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    Don't force it, and you can always use the awful but usefully unspecific "they" instead of specific pronouns. Just worried too much of it will become painfully forced and maybe trying to avoid it grammatically isn't the way around it, but trying to focus on character instead, and portraying what you want as best as you can with the actions of the character. If you're plastering a trick over your writing it will seem obvious, and also stop you from trying more creative ways around it. To be honest not even sure I followed what you were doing with that example dialogue there, pronoun wise.

    I used "it" in my fantasy story with asexual, gender neutral characters, but the society they were in was deliberately dehumanising them. I suppose I'd have more to worry about if they were an accepted part of the society instead, because then I'd need a way to speak about them which didn't stomp all over the poor things.
     
  18. ChickenFreak
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    Sarah Caudwell wrote a series of mysteries about Hilary Tamar, a law professor whose gender is never revealed. I finished the first one before I realized that fact, so her writing is pretty subtle.

    I was going to say that I don't know how she resolved the pronoun issue, then realized that they're first person with Hilary as the viewpoint, which does a nice job of avoiding pronouns. However, all of the other characters' genders were clear.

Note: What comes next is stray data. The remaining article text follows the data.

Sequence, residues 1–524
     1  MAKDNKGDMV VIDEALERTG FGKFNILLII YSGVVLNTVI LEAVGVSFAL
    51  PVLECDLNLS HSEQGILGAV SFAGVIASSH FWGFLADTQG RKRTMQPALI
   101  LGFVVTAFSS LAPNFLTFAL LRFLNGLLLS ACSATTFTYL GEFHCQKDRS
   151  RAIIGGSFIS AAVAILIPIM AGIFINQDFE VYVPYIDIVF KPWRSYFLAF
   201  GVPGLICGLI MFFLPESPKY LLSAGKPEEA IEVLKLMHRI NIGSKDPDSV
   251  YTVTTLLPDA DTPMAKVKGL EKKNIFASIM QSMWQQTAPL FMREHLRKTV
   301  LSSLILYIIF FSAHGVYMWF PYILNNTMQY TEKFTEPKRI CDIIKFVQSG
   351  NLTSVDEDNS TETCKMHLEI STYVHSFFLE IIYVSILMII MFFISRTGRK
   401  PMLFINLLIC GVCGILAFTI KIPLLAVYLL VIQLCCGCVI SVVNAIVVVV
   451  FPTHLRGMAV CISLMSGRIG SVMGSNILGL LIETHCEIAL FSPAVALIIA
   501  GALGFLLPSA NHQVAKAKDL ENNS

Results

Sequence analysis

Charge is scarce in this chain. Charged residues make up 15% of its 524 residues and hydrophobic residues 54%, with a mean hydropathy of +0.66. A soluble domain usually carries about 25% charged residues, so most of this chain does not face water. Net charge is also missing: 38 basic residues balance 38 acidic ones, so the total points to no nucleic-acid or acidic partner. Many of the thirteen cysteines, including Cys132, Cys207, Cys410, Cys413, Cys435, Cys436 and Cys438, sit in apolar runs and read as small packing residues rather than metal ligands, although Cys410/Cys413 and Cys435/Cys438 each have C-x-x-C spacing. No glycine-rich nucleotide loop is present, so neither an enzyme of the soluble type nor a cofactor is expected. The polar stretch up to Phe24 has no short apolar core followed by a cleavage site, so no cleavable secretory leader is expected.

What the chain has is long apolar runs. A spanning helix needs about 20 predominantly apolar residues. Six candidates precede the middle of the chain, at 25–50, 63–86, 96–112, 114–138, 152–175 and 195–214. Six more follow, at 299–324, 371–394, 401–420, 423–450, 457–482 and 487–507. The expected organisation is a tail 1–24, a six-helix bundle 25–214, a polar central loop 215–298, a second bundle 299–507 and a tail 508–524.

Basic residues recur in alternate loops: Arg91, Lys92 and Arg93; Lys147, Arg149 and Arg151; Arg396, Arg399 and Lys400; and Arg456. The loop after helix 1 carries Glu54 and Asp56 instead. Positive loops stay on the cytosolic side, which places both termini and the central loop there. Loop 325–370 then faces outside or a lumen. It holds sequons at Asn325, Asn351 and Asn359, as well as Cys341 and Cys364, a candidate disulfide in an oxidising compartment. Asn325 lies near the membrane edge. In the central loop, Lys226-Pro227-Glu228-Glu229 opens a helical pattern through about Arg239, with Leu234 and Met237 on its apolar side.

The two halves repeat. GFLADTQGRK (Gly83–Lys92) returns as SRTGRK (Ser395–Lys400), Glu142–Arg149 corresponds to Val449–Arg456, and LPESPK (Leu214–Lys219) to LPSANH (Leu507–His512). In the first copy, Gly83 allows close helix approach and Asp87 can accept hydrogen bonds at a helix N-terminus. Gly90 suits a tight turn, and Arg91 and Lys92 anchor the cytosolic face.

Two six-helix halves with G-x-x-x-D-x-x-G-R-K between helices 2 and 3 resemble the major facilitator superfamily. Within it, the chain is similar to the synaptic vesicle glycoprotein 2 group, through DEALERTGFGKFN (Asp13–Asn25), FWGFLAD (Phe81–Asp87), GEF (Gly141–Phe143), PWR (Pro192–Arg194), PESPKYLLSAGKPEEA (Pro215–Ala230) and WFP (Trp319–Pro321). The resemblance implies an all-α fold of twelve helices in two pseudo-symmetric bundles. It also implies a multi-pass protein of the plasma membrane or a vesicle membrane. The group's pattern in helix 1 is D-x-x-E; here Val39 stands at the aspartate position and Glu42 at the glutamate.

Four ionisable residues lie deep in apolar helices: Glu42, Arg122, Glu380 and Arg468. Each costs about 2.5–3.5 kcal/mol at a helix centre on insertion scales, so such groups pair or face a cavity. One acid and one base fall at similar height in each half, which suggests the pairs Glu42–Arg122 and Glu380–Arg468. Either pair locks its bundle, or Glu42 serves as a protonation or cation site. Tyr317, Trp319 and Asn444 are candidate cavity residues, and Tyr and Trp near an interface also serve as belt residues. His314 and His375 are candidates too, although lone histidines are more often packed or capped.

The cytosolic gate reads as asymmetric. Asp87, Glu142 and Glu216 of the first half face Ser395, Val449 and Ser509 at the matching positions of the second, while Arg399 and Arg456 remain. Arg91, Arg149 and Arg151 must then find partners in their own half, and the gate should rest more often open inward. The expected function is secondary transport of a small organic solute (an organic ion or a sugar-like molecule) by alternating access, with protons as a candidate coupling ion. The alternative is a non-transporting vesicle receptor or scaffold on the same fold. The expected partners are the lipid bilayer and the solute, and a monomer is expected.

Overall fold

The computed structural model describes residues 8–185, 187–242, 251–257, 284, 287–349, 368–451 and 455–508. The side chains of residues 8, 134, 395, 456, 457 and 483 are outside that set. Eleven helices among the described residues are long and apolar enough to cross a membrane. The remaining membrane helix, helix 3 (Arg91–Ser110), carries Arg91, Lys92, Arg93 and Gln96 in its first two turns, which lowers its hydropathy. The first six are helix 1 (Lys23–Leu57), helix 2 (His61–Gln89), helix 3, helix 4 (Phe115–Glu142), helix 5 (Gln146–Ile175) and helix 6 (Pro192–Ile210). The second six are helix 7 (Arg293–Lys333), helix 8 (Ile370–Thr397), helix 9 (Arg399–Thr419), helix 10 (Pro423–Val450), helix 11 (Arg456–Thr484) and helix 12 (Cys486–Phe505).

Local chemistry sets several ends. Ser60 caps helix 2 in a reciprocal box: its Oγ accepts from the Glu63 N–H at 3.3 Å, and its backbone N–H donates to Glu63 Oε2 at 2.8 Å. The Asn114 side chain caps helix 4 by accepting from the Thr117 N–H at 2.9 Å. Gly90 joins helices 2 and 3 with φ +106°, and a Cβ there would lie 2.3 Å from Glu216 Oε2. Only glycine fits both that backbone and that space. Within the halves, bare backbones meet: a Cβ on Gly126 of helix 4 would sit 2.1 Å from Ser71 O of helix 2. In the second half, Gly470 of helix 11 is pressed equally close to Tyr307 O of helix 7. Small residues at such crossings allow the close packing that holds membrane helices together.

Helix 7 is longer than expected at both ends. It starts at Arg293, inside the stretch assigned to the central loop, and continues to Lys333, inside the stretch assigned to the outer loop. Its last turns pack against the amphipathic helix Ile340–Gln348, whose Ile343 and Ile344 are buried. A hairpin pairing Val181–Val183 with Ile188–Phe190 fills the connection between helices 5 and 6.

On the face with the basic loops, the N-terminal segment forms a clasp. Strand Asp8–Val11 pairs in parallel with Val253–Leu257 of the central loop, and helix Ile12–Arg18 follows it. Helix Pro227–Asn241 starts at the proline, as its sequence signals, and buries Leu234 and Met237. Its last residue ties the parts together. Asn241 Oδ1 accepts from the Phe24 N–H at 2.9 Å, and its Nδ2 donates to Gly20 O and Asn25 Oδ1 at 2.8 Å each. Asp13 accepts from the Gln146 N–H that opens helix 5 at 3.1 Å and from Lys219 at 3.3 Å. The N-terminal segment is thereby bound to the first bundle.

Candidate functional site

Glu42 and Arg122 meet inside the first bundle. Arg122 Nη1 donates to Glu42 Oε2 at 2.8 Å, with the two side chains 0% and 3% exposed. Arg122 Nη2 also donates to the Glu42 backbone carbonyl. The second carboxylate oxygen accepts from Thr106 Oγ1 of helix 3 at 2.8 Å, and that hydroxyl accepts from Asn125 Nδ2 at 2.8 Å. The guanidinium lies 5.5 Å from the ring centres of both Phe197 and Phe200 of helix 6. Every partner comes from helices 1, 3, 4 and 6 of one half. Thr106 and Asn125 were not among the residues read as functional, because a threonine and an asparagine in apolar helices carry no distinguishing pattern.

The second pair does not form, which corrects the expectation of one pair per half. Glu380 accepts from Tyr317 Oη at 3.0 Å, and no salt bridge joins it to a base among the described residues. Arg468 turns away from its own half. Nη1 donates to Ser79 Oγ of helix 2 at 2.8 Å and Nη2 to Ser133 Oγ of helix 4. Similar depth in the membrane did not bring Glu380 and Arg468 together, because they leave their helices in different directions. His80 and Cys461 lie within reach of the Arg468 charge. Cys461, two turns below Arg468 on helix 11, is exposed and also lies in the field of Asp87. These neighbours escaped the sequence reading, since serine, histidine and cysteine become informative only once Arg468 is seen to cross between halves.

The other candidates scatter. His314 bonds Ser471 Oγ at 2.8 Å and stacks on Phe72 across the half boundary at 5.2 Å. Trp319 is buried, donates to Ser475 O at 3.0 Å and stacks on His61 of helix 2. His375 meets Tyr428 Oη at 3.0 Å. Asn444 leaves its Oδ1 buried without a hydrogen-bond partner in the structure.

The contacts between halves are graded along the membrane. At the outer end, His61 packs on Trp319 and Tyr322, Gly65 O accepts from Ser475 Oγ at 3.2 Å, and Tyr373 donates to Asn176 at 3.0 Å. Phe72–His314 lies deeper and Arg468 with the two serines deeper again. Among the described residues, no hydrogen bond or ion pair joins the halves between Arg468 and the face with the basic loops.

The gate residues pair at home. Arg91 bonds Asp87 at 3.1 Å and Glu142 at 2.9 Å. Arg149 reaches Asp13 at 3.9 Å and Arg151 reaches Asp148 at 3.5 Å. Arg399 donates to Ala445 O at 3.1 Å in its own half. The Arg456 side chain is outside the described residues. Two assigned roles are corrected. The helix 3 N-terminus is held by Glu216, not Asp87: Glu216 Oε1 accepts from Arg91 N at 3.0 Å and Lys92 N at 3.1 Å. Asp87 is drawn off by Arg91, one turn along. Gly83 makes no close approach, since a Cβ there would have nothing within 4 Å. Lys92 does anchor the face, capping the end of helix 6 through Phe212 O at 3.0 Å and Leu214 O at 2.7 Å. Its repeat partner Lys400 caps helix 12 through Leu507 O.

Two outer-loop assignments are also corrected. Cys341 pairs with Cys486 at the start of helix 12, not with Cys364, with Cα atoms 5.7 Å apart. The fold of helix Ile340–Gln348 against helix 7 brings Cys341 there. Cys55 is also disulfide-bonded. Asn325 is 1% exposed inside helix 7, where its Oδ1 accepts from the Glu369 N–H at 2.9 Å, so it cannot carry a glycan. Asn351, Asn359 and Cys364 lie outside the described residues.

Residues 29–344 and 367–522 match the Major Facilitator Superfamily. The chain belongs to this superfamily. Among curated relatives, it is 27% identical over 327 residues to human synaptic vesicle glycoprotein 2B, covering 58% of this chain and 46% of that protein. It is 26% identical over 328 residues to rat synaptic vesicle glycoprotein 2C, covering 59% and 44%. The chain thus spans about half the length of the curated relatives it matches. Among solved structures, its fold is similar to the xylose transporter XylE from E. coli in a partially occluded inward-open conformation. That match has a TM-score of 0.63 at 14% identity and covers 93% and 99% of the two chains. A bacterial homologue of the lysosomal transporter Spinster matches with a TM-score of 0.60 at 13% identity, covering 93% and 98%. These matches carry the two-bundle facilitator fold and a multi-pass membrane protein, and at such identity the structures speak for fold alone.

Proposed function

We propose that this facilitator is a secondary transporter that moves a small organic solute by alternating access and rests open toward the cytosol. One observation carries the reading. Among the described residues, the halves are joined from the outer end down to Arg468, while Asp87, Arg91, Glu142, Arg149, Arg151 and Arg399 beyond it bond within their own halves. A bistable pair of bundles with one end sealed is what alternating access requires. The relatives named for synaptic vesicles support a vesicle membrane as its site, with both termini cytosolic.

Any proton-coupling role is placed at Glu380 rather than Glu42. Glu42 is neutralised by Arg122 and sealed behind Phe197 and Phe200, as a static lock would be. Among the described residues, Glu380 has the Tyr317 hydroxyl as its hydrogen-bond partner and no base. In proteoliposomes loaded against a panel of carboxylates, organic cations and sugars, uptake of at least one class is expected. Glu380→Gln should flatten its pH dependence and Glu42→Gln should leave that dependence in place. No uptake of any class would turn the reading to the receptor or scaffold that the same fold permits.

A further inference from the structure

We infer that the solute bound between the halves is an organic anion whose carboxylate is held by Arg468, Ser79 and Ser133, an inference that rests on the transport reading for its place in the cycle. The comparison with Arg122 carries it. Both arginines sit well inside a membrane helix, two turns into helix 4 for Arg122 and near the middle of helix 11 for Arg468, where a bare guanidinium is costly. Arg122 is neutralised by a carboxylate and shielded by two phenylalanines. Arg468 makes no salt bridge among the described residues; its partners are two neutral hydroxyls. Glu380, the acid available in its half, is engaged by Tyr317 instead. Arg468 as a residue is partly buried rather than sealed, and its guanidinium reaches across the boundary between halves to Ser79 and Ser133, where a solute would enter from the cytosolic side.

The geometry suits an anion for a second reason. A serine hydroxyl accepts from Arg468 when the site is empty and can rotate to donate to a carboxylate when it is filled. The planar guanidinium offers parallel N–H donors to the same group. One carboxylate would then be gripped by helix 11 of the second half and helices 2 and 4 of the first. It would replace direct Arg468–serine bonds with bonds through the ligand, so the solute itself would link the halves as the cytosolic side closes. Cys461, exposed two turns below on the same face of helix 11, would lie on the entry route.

I love the series, but I think that the need for gender ambiguity results in Hilary being at a distance from the reader; I find myself caring about the other characters and having little interest in Hilary.

    Returning to add: The sexual orientation of practically every character in the series is at least slightly ambiguous, and that, IMO, works just fine.
     
  19. jazzabel
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    jazzabel Contributing Member Contributor

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    I think it would be more difficult to write a story without specifying the gender, because it is such an obvious thing and readers use it to identify or empathise with the character. If the characters were genderless, that would draw attention to itself and if left unexplored, might result in readers not caring about the story.

    What is your motivation to write genderless characters anyway?
     
  20. Superevil225
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    Genderless? I would just used 'it'. I had a genderless character. It was a demon by the name of Lestopholles. I just said stuff like, "It" "the demon" "Lestopholles" "the creature", est. They're rather easy, once you figure out pronouns and alternate names.